Friday, 10 March 2017

Oracle SOA suite 12.2.1- Composite Instance Patching

Oracle SOA Suite 12c (12.2.1) supports Composite Instance Patching, which enables you to patch running instances of a composite and recover faulted instances after patching the runtime. You can only include those fixes in the patch that are compatible with Composite Instance Patching. Use the SOA Patch Developer role in Oracle JDeveloper to make the fixes and create the patch.
Composite Instance Patching enables you to deliver urgent composite fixes that can be picked up by long running instances. You can make compatible/allowed changes without aborting in-flight instances. If a patched running instance comes across a business process that has been fixed by the patch, say a BPEL transformation, then it picks up the fixes applied to the business process.

When designing the patch, the SOA Patch Developer mode in JDeveloper automatically disables changes that cannot be made to the patch. Some of the compatible changes that you can make include:
·         Non-schema related XSLT changes, changes to fault policy, sensor data, and analytics data.
·         Compatible BPEL changes such as transformation activity, assign operations, etc.
·         JCA Adapter configuration properties.
You do not specify any composite version during deployment. The composite revision that you create the patch for, in Oracle JDeveloper, is the composite revision to which the patch is deployed.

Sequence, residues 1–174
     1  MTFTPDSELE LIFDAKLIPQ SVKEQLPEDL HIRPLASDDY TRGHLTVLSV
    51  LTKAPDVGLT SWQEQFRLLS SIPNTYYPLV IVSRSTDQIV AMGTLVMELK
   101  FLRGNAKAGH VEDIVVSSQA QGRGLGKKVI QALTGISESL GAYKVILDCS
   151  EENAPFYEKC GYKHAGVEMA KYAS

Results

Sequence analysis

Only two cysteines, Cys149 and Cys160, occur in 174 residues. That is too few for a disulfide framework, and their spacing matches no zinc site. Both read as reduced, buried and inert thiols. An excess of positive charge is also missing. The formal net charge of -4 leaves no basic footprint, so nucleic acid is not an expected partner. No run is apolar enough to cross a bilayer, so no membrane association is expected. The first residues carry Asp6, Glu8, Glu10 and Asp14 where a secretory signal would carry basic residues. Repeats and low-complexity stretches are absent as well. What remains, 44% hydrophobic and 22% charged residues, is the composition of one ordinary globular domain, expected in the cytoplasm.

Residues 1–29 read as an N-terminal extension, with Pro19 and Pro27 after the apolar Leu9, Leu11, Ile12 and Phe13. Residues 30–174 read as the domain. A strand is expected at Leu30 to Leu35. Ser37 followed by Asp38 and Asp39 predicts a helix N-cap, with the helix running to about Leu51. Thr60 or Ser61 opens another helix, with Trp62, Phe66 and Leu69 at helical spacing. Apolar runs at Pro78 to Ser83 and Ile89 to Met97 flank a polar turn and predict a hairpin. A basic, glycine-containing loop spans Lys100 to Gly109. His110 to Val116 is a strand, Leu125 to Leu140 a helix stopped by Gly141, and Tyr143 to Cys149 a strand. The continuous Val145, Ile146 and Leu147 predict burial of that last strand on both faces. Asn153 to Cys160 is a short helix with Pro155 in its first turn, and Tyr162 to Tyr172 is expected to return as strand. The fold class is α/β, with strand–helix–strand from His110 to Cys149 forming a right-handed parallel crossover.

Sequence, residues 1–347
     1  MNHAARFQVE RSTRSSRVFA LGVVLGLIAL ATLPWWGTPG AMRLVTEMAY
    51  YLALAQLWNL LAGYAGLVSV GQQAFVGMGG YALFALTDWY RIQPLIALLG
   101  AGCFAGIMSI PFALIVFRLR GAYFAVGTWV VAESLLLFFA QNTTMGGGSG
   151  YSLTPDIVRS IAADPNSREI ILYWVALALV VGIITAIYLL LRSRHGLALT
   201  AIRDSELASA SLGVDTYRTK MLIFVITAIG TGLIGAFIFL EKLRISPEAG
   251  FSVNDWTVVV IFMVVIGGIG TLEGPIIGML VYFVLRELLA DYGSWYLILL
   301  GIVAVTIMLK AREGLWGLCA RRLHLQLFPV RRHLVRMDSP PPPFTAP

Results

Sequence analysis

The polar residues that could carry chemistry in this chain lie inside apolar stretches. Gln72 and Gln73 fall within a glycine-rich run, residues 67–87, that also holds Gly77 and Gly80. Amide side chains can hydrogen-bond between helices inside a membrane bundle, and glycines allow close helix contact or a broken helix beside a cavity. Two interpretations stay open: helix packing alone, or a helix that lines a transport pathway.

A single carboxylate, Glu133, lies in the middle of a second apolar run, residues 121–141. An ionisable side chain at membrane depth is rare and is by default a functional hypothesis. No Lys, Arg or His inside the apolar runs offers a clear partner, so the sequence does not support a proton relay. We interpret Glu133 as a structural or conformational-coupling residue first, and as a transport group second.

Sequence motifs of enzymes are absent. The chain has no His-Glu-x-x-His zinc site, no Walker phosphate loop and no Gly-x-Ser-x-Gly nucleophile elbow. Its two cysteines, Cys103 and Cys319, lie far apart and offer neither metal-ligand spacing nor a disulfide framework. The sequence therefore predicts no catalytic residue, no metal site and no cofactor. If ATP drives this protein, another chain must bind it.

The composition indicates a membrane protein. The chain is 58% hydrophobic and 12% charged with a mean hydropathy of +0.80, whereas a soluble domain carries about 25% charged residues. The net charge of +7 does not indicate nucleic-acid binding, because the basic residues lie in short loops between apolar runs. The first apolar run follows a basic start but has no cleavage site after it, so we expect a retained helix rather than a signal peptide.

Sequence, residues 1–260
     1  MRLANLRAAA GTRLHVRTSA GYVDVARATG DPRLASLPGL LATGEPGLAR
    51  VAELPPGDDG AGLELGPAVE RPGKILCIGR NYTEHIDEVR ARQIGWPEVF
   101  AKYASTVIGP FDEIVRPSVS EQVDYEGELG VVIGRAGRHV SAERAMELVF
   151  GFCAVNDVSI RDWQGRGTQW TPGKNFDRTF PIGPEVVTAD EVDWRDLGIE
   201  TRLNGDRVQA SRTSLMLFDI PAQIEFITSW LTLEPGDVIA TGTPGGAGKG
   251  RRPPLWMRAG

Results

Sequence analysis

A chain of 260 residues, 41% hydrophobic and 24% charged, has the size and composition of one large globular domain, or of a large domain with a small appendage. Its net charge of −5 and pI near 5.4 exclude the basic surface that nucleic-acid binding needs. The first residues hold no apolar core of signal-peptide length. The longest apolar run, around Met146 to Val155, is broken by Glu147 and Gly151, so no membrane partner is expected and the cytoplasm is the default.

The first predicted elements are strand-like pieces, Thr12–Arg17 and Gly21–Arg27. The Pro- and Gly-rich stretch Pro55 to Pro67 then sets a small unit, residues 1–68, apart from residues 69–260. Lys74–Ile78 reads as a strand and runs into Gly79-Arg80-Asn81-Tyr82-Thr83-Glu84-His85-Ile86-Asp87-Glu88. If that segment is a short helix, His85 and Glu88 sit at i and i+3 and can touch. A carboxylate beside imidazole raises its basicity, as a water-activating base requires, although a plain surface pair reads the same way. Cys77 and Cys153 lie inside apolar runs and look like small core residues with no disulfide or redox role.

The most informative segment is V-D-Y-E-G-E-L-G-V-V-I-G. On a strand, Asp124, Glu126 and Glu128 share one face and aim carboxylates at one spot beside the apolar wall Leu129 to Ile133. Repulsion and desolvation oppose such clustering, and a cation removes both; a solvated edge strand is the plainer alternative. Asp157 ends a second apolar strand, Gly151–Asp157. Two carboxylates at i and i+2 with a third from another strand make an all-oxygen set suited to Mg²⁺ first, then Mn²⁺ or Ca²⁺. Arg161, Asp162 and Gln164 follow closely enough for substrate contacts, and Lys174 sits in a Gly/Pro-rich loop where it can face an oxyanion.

You can validate the patch before deploying.

SOA Patch Developer Mode in JDeveloper

Use the SOA Patch Developer mode in Oracle JDeveloper to create a patch, containing fixes, for your deployed composite. The patch created in this mode can be applied to the currently deployed composite without changing the version number of the deployed composite. You can apply the patch to runtime even if the composite has running instances.
To use the SOA Patch Developer mode in JDeveloper:
  • If you already have your project open in JDeveloper, you need to switch to the SOA Patch Developer mode. Select Tools > Switch Roles > SOA Patch Developer from the Oracle JDeveloper menu bar



Click OK to restart JDeveloper.
If you do not have Oracle JDeveloper open, start JDeveloper and select the SOA Patch Developer role in the Select Role dialog.



After JDeveloper starts in the SOA Patch Developer mode, you’d notice that the composite editor has the SOA Patch mode label. This reminds you that you can only make edits that are compatible with the patch mode.



Also, when you are editing a BPEL component, for example, the BPEL editor has the Patch mode label.



Only certain activities in the BPEL process are available for editing, the rest of them appear in gray. Also, notice that the Components window shows only those components that are available for use in the SOA Patch Developer mode. A number of properties appear in read-only mode.

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